OPEC+ finally strikes a deal to increase global oil supply. China signals an end to the $2 trillion U.S. stock listing juggernaut. The number of vaccinated Hongkongers doubles in seven weeks. Here’s what you need to know.
OPEC and its allies struck a deal to inject more oil into the recovering global economy. The deal, agreed at a hastily convened Sunday meeting ahead of a long Islamic holiday, allows for monthly supply hikes of 400,000 barrels a day, and puts OPEC+ back in control of the market after two volatile weeks. Ministers from Riyadh and Abu Dhabi made a big show of their continuing friendship and commitment to the alliance, brushing aside the acrimony that caused OPEC+ talks to collapse earlier this month. Prices in New York surged to a six-year high in early July after initial talks failed, before plunging back toward $70 a barrel as traders considered the possibility that the alliance could unravel.
Stocks are set to start the week lower in Asia amid concerns about accelerating inflation. Futures were down in Japan, Australia and Hong Kong. The S&P 500 Index fell for the first week in four. The 10-year Treasury note yield registered a third week of declines, ending below 1.3%, as the increase of more dangerous Covid-19 variants around the world raised questions about the reflation trade. Currencies were steady in early Asian trading.
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For two decades Chinese tech firms have flocked to the U.S. stock market, drawn by a friendly regulatory environment and a vast pool of capital eager to invest in one of the world’s fastest-growing economies. Now, the juggernaut behind hundreds of companies worth $2 trillion appears stopped in its tracks. Beijing’s July 10 announcement that almost all businesses trying to go public in another country will require approval from a newly empowered cybersecurity regulator amounts to a death knell for Chinese initial public offerings in the U.S., according to long-time industry watchers.
The number of Hong Kong residents that are fully vaccinated against Covid-19 topped 2 million on Sunday, doubling in just seven weeks as giveaways helped stoke initially slow demand. Meanwhile, Singapore’s cases hit an 11-month high; Indonesia topped Brazil in reporting the highest number of daily deaths attributed to Covid-19; Vietnam’s capital Hanoi ordered residents to stay at home from Monday and venture out only when “truly necessary”; and police in Bangkok shot tear gas and fired water cannons at pro-democracy activists who marched to protest the Thai government’s management of the nation’s worst coronavirus outbreak.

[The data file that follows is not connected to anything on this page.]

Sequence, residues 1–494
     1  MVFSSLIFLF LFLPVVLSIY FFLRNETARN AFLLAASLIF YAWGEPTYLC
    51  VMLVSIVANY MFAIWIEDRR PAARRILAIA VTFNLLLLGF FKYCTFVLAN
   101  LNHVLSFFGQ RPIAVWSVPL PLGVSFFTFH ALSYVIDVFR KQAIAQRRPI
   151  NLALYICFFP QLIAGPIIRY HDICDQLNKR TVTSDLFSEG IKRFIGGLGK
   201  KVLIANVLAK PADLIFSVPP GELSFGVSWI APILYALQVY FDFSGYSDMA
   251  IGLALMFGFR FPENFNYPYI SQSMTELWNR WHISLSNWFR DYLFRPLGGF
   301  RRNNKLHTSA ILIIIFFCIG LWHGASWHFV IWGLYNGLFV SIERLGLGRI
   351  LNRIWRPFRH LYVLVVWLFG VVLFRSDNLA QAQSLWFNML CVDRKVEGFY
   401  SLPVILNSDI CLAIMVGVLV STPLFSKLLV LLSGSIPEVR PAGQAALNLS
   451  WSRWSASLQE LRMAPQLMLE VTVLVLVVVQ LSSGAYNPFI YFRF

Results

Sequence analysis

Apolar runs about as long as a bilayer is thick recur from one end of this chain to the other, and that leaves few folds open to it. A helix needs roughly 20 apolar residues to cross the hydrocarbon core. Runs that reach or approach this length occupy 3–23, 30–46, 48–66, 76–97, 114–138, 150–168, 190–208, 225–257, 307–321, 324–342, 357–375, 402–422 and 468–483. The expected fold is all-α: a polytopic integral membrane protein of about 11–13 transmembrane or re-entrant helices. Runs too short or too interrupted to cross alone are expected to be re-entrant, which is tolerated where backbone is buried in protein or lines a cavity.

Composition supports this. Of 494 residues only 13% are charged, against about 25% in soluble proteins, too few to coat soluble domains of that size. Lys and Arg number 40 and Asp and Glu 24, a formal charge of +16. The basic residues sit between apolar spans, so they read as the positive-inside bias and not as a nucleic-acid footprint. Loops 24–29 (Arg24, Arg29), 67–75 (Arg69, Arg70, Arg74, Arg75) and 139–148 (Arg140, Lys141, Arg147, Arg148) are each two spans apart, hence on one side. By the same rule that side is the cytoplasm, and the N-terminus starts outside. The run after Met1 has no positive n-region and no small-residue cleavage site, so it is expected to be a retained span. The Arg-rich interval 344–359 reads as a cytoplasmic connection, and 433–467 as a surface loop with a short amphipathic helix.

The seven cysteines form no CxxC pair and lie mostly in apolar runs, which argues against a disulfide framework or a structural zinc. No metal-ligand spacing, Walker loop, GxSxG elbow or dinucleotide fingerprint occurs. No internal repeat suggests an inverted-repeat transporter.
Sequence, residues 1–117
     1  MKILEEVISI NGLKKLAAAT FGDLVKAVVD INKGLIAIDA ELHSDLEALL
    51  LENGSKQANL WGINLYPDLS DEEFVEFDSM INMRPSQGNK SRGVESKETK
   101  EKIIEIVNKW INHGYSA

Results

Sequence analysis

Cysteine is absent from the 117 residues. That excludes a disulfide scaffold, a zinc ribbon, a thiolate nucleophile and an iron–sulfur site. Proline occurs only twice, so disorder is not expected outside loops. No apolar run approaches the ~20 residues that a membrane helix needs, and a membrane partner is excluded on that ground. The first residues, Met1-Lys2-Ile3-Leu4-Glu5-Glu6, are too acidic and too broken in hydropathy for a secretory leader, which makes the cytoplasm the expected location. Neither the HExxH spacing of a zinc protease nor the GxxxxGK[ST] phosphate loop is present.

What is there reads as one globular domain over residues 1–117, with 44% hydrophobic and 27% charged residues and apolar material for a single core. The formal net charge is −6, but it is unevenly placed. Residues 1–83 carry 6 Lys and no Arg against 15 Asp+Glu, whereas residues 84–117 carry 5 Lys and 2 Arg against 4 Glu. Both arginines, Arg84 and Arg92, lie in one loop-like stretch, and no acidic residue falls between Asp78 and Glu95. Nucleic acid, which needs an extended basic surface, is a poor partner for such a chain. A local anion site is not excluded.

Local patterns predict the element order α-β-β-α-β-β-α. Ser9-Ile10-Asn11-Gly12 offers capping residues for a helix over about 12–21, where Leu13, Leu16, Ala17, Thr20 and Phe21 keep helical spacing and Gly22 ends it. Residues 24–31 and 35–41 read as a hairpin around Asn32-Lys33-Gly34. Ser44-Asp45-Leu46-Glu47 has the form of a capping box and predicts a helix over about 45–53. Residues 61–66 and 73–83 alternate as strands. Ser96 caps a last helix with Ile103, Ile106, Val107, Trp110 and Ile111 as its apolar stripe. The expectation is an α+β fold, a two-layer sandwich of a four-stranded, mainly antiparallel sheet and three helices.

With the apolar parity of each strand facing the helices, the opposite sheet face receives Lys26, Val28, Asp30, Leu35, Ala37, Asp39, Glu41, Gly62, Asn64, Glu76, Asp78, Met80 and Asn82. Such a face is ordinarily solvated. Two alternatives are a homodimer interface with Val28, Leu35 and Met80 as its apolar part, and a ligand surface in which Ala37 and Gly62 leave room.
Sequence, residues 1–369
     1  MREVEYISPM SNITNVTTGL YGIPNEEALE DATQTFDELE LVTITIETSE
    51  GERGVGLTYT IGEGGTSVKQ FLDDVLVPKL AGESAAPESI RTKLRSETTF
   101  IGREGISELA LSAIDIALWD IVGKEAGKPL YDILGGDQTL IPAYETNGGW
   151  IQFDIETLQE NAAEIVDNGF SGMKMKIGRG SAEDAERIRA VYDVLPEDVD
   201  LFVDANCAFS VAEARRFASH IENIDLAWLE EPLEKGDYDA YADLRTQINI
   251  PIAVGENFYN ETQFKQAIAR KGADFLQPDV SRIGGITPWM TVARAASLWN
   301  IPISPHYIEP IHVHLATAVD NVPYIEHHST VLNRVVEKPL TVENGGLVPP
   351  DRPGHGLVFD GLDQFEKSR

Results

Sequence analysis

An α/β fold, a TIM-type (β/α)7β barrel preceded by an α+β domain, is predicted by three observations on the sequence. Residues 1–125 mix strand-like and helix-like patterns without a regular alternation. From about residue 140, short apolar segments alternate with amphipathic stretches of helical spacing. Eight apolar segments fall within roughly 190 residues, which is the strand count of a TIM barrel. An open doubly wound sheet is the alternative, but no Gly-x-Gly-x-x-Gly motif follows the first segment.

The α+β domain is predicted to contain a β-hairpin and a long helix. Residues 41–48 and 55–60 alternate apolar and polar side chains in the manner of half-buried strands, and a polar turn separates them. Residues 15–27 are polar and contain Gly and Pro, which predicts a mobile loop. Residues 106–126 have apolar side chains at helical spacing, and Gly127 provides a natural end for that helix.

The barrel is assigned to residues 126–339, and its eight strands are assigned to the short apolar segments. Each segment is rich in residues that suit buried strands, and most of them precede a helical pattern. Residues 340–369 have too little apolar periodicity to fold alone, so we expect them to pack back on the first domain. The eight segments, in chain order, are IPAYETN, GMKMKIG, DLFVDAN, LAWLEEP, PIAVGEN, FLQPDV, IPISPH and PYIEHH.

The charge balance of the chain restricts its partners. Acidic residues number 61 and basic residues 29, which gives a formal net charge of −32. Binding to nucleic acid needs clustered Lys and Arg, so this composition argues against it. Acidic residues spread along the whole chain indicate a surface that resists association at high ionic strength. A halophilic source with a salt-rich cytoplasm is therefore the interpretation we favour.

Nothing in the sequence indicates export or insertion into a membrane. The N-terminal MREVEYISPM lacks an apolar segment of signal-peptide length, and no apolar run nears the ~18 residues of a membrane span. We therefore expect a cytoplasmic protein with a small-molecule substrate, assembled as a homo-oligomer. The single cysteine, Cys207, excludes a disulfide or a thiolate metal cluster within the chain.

Last week marked a watershed for technology startups in India, as a record bout of fundraising shifted attention to the world’s second-most populous market, just as investors were becoming spooked by China’s crackdown on internet companies. Food-delivery app Zomato became the nation’s first unicorn to make its stock-market debut, raising $1.3 billion; the parent of digital payments startup Paytm filed a draft prospectus for what could be India’s biggest IPO at $2.2 billion, while retailer Flipkart raised $3.6 billion at a $38 billion valuation Unlike China, many of India’s 625 million internet users are just dipping their toes into the world of video streaming, social networking and ecommerce.
What We’ve Been Reading
This is what’s caught our eye over the past 24 hours:
And finally, here’s what Tracy’s interested in today
China Evergrande — long described as the poster child for over-indebted but politically-connected Chinese companies — continues to perplex. Bonds and shares of the firm have plunged in recent weeks as Beijing cracks down on excess borrowing by the real estate sector. Evergrande’s founder Hui Ka Yan was called in to meet regulators last month. The company has been issuing short-term commercial paper (known as commercial bills in China) to help plug the gap left by nervous bondholders as it tries to deleverage its balance sheet.
You wouldn’t except a beleaguered property company in the midst of an almighty deleveraging exercise to spend money rewarding its shareholders (including Hui). And yet, on Friday Evergrande said its board would meet on July 27 to consider a special dividend for investors, an announcement which sent its shares up as much as 14%. We still don’t know the exact size of the payout, but it’s an unusual example of capital management and I’ll be interested to see how bondholders react.
You can follow Tracy Alloway on Twitter at @tracyalloway.